Focus on Czech composers atSchleswig-Holstein music fest

13th July 2004, Comments 0 comments

13 July 2004 , LUEBECK - Germany's northern state of Schleswig- Holstein is off and running in its 19th season of the Schleswig- Holstein Music Festival with the focus this year on composers from the country's neighbour, the Czech Republic. The festival runs through 29 August with more than 130 concerts scheduled in a variety of settings ranging from symphony concert halls to the park grounds of castles and palaces down to erstwhile barns and stables converted into cozy and informal concert venues in the p

13 July 2004

LUEBECK - Germany's northern state of Schleswig- Holstein is off and running in its 19th season of the Schleswig- Holstein Music Festival with the focus this year on composers from the country's neighbour, the Czech Republic.

The festival runs through 29 August with more than 130 concerts scheduled in a variety of settings ranging from symphony concert halls to the park grounds of castles and palaces down to erstwhile barns and stables converted into cozy and informal concert venues in the pastoral north German countryside.

While the festival offers a broad variety of music, mostly classical but with some jazz thrown in for variety, a special spotlight in the 2004 programme is to be on Czech composers as well as current musical performers.

The variety of Czech composers will be fully embraced at the music festival, with offerings of the works of such lesser-known composers as Jan Dismas Zelenka (1679-1745) and on through to Johan Baptist Vanhal (1739-1813) and Jan Vaclav Vorisek (1791-1825).

In covering Czech contributions to the great classical period of the 19th Century, the Schleswig-Holstein festival also puts a strong spotlight on composers Bedrick Smetana (1824-1884) and Antonin Dvorak (1841-1904), on up to the early modernist works of Leos Janacek (1854-1928).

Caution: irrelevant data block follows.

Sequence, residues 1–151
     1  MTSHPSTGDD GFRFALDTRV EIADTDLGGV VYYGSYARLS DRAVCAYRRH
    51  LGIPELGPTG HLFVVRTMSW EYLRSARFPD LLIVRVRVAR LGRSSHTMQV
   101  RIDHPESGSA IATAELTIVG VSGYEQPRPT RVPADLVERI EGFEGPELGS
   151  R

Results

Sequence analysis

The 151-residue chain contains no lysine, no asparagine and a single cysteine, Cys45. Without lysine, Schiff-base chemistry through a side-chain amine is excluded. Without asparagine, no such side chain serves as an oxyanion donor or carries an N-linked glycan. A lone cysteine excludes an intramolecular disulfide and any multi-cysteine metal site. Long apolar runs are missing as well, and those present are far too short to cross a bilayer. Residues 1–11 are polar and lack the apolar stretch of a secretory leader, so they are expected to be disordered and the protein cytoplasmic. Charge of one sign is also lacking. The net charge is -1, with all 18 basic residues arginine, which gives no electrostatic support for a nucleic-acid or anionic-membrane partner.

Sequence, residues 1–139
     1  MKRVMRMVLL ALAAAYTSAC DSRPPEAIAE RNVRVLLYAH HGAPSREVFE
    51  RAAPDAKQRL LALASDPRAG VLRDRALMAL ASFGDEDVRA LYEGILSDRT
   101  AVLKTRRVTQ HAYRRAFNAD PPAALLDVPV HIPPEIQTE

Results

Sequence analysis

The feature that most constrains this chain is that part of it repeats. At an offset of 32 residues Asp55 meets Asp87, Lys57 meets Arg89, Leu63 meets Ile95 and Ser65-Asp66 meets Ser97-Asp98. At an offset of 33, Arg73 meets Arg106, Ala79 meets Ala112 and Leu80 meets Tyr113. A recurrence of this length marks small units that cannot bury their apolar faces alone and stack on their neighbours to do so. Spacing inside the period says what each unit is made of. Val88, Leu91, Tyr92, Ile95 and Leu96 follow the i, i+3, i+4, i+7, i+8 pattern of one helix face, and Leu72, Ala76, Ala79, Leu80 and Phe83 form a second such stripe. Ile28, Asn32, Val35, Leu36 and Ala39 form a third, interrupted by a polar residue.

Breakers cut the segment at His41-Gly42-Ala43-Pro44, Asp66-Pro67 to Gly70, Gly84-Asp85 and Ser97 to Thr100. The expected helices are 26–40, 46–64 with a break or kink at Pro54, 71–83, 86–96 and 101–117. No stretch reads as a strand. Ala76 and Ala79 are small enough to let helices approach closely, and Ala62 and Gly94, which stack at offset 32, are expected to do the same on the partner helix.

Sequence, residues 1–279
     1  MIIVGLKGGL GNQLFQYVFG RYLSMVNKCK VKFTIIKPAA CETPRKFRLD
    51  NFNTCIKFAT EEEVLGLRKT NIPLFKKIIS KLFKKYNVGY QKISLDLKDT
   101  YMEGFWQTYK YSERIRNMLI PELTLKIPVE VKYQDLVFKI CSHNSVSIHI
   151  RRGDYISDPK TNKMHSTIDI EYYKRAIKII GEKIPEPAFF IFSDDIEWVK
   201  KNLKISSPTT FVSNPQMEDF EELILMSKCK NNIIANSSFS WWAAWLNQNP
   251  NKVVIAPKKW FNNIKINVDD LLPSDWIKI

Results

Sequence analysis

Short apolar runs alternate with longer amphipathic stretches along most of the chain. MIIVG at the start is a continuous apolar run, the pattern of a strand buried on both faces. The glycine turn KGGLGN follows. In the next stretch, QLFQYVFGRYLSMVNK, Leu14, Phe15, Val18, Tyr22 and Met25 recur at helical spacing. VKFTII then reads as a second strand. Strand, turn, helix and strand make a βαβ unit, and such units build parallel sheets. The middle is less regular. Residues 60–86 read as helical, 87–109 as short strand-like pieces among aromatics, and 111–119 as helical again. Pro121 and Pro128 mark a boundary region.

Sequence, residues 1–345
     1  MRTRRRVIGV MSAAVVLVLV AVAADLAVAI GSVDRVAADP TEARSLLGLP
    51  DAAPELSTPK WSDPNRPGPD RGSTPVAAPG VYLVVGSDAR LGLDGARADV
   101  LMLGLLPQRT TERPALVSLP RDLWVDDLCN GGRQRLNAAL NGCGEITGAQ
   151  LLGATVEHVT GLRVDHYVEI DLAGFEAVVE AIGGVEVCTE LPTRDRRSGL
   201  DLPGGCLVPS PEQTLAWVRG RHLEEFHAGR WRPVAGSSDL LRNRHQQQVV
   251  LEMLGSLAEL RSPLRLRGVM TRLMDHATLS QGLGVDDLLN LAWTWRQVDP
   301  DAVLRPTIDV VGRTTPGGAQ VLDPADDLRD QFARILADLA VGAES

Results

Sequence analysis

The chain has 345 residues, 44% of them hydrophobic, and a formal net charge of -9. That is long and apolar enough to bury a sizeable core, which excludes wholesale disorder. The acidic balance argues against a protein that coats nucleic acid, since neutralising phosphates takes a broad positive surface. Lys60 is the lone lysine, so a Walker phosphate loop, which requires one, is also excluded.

The Czech programme is rounded out with performances of modern composer Jan Novak (1921-1984).

Besides the composers, music audiences will be witnessing current Czech conductors, orchestras and performers, including the Czech Philharmonic Orchestra conducted by Zdenek Macal, the Prague Chamber Orchestra, the Skampa Quartet, the Vlach Quartet Prague and the Guarneri Trio Prague.

Among the individual performers, mezzosopranist Dagmar Peckova and Magdalena Kozena will be holding concerts, pianist Ivan Moravec is to perform pieces by Janacek and Smetana, and organist Jaroslav Tuma will play works for the organ by Czech contemporaries of the German master Johann Sebastian Bach.

Adding variety and depth to the Czech focus, internationally- acclaimed writer Pavel Kohout will give a recitation called a literary self-portrait to a musical background provided by Slovakian concert pianist Daniela Hlinkova.

Rounding out the portrayal of modern Czech cultural entertainment, Prague's famous puppet theatre Spejbl and Hurvinek will give several performances.

German Chancellor Gerhard Schroeder praised the focus on Germany's eastern neighbour this year.

"The Czech Republic "is a country with a great music and literary tradition," he commented at the music festival's opening in Luebeck.

DPA

Subject: German news

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